Saad. Words. Werdz. Word.  You know, units of speech (written or spoken) that hold meaning?  Mmm…words are COOL and mysterious and have a lot of power, we give them power.  I’m learning my language, slowly (it’s an experience that I’ll write about someday).  Sometimes I’ll hear a saad being spoken in my dreams, or I’ll find a word in a story both send me a frenzied search for translations/definitions, anything about that word I can find.  Does anyone else do this?   

Words shape the world around us, they communicate for us, and even hold us when there’s no one else there.   

This post is about them, the word, words, all the words, and some in particular words.  This will be the first of several parts, because I could go on an on about wurdz.  

And of course, I have all the questions, too, like:  

Do words have family/kin/community?  Yes? Do words have stand-alone, static meaning on their own?  Yes?  Can you make family with a word?  (in the sense that we relate to the word, not so much that we make family via words) Do words need their communities and families to keep their meaning?  Yes.  Can words be queer?  YES!  Some of these questions could seem a little off-target or maybe even not worth the effort to attempt an answer.  Still, they are rolling around in my head.  Around here we dream in community and many of you might have these same questions, too.  So I’ll be brave and ask them even if they seem silly or inconsequential.  I ask these questions and ponder via and within a Diné framework of understanding of my/our place in the world (i.e. how we call/name ourselves, how we are legible/perceived by others)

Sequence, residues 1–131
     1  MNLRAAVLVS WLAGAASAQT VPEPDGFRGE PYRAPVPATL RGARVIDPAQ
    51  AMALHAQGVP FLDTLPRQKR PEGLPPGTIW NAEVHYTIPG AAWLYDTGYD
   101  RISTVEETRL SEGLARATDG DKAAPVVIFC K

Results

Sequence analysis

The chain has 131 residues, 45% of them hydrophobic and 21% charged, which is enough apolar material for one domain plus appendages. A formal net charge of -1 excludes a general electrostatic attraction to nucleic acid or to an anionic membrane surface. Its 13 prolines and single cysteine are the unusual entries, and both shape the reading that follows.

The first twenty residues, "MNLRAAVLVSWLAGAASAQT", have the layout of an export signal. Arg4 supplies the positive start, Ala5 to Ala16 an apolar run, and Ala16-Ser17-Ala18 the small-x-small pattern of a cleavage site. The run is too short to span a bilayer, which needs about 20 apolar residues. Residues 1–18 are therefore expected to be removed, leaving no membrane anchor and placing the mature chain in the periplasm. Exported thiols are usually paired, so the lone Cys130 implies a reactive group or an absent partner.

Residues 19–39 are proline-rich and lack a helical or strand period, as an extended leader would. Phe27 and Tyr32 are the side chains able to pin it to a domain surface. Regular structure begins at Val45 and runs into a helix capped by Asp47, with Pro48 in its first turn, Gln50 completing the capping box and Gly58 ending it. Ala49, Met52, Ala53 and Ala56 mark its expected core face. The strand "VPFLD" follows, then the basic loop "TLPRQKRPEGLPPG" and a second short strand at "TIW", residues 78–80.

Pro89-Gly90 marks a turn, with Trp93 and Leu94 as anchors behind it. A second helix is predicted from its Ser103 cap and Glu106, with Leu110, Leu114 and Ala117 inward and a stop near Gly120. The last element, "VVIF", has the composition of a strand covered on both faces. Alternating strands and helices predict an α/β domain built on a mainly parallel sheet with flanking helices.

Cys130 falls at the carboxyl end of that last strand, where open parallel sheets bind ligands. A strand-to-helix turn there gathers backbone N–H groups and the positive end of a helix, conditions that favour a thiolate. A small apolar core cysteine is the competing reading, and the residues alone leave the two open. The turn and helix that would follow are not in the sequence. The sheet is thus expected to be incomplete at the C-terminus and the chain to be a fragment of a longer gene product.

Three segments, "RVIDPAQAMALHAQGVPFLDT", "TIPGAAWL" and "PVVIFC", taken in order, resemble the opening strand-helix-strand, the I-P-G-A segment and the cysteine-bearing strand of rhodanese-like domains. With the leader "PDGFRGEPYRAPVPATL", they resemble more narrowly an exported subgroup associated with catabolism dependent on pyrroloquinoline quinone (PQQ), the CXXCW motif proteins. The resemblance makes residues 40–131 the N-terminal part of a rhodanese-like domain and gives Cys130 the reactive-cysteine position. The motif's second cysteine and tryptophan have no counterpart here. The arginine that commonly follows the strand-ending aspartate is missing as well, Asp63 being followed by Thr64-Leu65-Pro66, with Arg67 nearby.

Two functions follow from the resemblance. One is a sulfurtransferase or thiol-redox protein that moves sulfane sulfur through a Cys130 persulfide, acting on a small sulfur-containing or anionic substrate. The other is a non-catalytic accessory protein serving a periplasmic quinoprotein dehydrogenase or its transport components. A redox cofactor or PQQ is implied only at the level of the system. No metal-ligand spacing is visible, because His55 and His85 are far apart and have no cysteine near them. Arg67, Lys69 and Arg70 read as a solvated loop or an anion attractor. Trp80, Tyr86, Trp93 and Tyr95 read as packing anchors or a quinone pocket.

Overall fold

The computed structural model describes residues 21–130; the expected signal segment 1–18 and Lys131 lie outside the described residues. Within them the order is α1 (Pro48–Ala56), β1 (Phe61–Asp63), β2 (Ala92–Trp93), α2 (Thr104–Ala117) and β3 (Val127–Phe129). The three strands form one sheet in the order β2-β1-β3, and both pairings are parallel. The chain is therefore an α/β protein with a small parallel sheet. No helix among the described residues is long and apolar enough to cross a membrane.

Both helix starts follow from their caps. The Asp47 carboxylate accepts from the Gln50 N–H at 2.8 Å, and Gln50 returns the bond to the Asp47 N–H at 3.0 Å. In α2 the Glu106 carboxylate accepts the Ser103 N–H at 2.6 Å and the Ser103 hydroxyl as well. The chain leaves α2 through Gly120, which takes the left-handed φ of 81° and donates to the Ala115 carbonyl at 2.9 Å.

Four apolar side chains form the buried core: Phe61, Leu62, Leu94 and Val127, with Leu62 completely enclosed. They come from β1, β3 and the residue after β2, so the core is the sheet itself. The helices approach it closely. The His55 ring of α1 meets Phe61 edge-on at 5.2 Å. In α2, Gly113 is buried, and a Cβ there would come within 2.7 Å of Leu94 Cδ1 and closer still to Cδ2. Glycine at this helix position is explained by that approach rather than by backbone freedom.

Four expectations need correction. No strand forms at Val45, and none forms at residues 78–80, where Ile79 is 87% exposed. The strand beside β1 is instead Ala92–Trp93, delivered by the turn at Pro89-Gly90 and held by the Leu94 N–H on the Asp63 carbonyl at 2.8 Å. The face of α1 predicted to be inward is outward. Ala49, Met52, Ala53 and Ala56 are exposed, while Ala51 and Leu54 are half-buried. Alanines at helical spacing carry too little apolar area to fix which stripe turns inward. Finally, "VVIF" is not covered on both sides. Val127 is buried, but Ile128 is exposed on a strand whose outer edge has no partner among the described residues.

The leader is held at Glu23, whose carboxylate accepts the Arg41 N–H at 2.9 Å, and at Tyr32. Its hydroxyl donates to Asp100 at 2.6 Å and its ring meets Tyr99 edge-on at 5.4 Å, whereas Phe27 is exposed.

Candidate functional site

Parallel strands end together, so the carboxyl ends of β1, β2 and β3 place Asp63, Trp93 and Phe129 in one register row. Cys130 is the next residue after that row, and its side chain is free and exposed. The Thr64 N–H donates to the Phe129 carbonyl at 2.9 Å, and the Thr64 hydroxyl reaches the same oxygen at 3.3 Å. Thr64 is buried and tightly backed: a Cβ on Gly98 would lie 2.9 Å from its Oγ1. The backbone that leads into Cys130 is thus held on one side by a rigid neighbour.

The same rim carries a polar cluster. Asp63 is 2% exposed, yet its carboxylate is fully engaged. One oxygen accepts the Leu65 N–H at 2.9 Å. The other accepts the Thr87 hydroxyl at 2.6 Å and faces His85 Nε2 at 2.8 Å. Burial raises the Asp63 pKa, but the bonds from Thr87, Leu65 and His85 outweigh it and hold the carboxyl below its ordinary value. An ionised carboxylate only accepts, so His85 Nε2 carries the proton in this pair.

Whatever they convey, whatever meaning they hold for us, we use them everyday in our own special process to convey who we are and how we show up in the world.  

We build worlds with words.  All the time.  Words are like bricks built from the vapor of our thoughts.  We build starting with our thoughts, then words turn into language, then theory, then frameworks, then worlds. Words mean a lot.   

But where do they come from?  And why does that matter so much?  How do we decide as a group to use these words with their attached meanings?  Disclaimer: I’m not a linguist (and likely know just enough about this field to be annoying to actual linguists, apologies but this is a cool field of study and I’ve been reading about it off and on over the years) and if any readers are, you can skip over this part.  Linguistics is the scientific study of language, linguists conduct studies into aspects of linguistics like gestures, meanings, and grammatical structures, among many other things pertaining to language.  Including words.  In my work and curiosities about gender and gender performance, naming, and world-building I’m interested in the social side of linguistics.  The side that deals with how we make meaning with and using words, (but also with our fashion, our music, our literature, etc.) 

But why the story of a word?  Why is that important, why should we know this as we go about the work of dreaming our future communities?   

As mentioned above,  I’d like to discuss these questions and others in several parts, I’d like pay extra attention to the differences between ceremonial language/words vs colloquial vs slang vocabularies.   

And I’ve several more questions for further thought/future discussion: why name this gender? And Nadleeh/dilbaa?  Why do they have a term?  How has that name changed over time and how will it continue to evolve in usage and meaning?  

Look for part two of this discussion on saad, words.  Ahé’héé always for reading!  

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